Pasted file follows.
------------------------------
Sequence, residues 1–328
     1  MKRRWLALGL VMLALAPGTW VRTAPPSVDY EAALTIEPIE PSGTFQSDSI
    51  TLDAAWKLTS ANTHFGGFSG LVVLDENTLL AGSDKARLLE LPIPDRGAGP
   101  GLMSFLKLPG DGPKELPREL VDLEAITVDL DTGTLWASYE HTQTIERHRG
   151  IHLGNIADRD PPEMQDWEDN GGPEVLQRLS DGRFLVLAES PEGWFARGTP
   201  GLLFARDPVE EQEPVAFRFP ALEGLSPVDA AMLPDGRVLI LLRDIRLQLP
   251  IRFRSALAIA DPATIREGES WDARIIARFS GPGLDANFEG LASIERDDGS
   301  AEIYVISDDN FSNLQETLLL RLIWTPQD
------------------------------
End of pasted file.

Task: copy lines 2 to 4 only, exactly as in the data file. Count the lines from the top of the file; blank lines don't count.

     1  MKRRWLALGL VMLALAPGTW VRTAPPSVDY EAALTIEPIE PSGTFQSDSI
    51  TLDAAWKLTS ANTHFGGFSG LVVLDENTLL AGSDKARLLE LPIPDRGAGP
   101  GLMSFLKLPG DGPKELPREL VDLEAITVDL DTGTLWASYE HTQTIERHRG